Help with lifetimes for iterating through object hierarchy

Hi,

I'm able to create an iterator for iterating through an object hierarchy, but I need to defer some slow computation and be able to access data from higher levels of the tree if required.

It's quite easy to do with unsafe Rust, and I know that the code is memory safe, but I can't prove it to Rust with setting the right lifetimes.

Here's a code that I created for minimizing the problem:


struct S<'a,'p> {
    data: &'a mut Option<u32>,
    e: E<'a,'p>
}

enum E<'a,'p> {
    Root(),
    Parent(&'p mut S<'a,'p>)
}

fn get(s:&mut S)->u32 {
    match(s.data) {
        Some(r)=>*r,
        None=>{
            let E::Parent(p)=&mut s.e else {
                panic!("!!!");
            };
            let rr=get(p);
            *s.data=Some(rr);
            rr
        }
    }
}

struct Data {
    extract: bool,
    data: Option<u32>,
    sub: Option<Box<Data>>
}

fn walk<'a,'p>(d:&'a mut Data, mut s:S<'a,'p>) {
    if(d.extract) {
        get(&mut s);
    }
    if let Some(sub)=&mut d.sub {
        walk(sub.as_mut(), S {e: E::Parent(&mut s), data: &mut d.data})
    }
}

fn test() {
    let mut data=Data {extract: false, data: Some(5),
        sub: Some(Box::new(
            Data {extract: false, data: None, sub: Some(Box::new(
                Data {extract: false, data: None, sub: None}
            ))}

        ))};
    walk(&mut data.sub.unwrap(), S {data: &mut data.data, e: E::Root()});
}

PS: It seems my previous post was taken down by spam filter when I was trying to fix formatting, so I tried again.

The problem is the well-recognized anti-pattern of &'a mut T<'a>, which in your case manifests syntactically as the Parent(&'p mut S<'a, 'p>) variant. This means that the value typed S<'a, 'p> will be borrowed for the entirety of its lifetime (due to &'p mut S<'_, 'p>), so it will effectively be useless after you mutably borrow it once. This is because mutable borrows are invariant in their type argument, so a &mut T<'long> can't be "shrunk" and converted to a &mut T<'short>.

If you try to rewrite it by separating the two lifetimes, you run into another problem. The correct definition would look something like:

struct S<'a, 'p> {
    data: &'a mut Option<u32>,
    e: E<'a, 'p>,
}

enum E<'a, 'p> {
    Root,
    Parent(&'a mut S<'b, 'p>),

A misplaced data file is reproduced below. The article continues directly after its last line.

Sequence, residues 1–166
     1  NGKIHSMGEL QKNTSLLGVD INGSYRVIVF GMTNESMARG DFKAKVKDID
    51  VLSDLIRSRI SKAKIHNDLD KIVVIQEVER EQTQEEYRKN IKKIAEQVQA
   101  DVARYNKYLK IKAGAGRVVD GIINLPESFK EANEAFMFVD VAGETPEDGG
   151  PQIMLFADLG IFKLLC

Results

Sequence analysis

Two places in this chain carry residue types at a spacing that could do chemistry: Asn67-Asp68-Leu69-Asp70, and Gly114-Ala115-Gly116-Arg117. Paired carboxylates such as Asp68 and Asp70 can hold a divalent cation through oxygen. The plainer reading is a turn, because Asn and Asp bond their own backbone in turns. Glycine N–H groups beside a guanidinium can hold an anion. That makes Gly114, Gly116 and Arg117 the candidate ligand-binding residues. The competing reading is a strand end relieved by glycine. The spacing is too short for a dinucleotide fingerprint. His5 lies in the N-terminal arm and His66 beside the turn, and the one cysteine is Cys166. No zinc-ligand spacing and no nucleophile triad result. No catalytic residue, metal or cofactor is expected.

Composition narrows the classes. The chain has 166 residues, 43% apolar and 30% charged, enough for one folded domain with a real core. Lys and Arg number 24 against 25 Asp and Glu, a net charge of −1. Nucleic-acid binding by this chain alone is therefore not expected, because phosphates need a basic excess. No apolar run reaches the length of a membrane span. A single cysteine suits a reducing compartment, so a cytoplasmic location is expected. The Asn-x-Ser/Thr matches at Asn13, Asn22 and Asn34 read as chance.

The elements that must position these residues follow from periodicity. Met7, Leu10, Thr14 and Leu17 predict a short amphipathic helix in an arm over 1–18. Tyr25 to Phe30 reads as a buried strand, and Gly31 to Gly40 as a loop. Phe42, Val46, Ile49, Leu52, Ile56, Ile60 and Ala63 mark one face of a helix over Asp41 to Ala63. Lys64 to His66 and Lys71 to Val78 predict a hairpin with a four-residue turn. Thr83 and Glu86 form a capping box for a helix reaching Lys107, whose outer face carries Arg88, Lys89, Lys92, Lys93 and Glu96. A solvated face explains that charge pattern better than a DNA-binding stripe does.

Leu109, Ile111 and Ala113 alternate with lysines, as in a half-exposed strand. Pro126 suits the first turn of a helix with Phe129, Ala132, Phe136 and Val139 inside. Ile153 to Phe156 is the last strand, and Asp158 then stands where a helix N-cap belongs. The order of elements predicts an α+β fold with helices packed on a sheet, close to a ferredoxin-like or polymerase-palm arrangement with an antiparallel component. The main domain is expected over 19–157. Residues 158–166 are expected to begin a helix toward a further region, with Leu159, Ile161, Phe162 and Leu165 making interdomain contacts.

}

however, this would need another lifetime parameter 'b on E:

struct S<'a, 'p> {
    data: &'a mut Option<u32>,
    e: E<'a, ???, 'p>,
}

enum E<'a, 'b, 'p> {
    Root,
    Parent(&'a mut S<'b, 'p>),
}

But that would in turn require another type parameter on S, etc. so the number of required type parameters grows without bounds.

This is another typical problem/anti-pattern, and as far as I'm aware, it can't be fixed, so what you want can't be expressed. You should probably re-structure your code instead, so that this is not required.

3 Likes

Thanks very much for the quick answer.

Reorganizing the code base is too hard, but maybe I can factor out this problematic part which is safe but can't be supported by the type system (by making this example generic), and make a minimal safe data structure that uses 1 line of unsafe Rust.

It depends. Since the safe version of your code doesn't typecheck for a good reason, I strongly doubt that working it around with unsafe would result in sound, correct code. If you do that, you will likely cause undefined behavior.

2 Likes

Thanks,

I could solve the problem with passing FnMuts around:

struct DataHolder<Data> {
    extract: bool,
    data: Option<Data>,
    sub: Option<Box<DataHolder<Data>>>
}

fn walk<Data, F>(d:&mut DataHolder<Data>, mut f: F) where Data : Clone ,  F:FnMut()->Data {
    if d.extract {
        if d.data.is_none() {
            let dd=f();
            d.data=Some(dd);
        }
        if let Some(sub)=&mut d.sub {
            let dd=&mut d.data;
            walk(sub.as_mut(), || dd.clone().unwrap())
        }
    } else {
        let o=&mut d.sub;
        let dd=&mut d.data;
        if let Some(sub)=o {
            if let Some(ddd)=dd {
                walk(sub.as_mut(), || ddd.clone())
            } else {
                walk(sub.as_mut(), || { 
                    let r=f();
                    *dd=Some(r.clone()); 
                    r})
            }
        }
    }
}

fn test() {
    let mut data=DataHolder {extract: false, data: Some(5), sub: None};
    let mut data2=DataHolder {extract: false, data: None, sub: None};
    let mut data3=DataHolder {extract: true, data: None, sub: None};
    data2.sub=Some(Box::new(data3));
    data.sub=Some(Box::new(data2));
    walk(&mut data, ||5);
}